City Council approves shrunken enterprise zone

The Baltimore City Council on Monday approved a new map for the city's enterprise zone that significantly realigns and diminishes its footprint, from 22,000 acres to 14,000 acres.

The zone is designed to support investment in and improvement of impoverished sections by offering tax breaks to businesses in the areas.

The state reimburses the city for half the lost tax revenue.

The new map, created by the Baltimore Development Corp., eliminated residential areas but also cut out some business zones that have seen a change in fortune over the last decade, including Harbor East and Harbor Point.

The map's impact on businesses no longer in the enterprise zone will depend in part on rules governing a transition period. However, many companies are concerned, Councilman Carl Stokes said.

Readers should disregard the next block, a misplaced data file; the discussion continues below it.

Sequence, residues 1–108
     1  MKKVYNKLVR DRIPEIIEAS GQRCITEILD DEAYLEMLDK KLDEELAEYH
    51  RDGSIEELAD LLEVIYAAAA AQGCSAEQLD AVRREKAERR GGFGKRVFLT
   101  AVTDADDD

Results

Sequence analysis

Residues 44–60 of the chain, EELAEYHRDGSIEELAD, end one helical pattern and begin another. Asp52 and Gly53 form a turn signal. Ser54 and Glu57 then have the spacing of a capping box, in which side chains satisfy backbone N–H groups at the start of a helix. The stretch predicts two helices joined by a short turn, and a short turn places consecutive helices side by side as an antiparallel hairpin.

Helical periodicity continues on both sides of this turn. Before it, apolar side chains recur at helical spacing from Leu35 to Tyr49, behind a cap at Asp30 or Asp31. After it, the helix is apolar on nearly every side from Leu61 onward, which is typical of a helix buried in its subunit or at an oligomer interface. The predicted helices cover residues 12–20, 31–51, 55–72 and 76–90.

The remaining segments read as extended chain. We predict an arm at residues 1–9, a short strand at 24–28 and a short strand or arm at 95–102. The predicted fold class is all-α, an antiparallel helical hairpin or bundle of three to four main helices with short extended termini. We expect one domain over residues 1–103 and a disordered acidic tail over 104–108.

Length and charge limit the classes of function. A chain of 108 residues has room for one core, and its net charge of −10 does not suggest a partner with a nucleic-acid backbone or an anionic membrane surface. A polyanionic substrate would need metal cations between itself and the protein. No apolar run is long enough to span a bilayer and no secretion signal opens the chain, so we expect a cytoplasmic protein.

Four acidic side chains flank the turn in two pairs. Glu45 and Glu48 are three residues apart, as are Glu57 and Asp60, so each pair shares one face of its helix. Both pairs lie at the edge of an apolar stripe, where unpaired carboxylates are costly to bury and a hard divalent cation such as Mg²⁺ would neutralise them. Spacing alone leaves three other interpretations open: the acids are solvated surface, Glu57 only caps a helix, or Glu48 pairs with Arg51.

The changes to the map present "some very strong challenges financially" for businesses in areas removed from the zone, Stokes said.

The resolution to support the BDC's map was approved unanimously by the council. Councilman Robert Curran passed on voting.

Stokes said the council's approval of the BDC's map was needed for the state to approve the renewal of the zone, but he complained that the BDC did not give the council enough time to thoroughly review the map and suggest amendments.

The BDC submitted its application and revised map to the state last month, Stokes said, just days after providing the council with the map.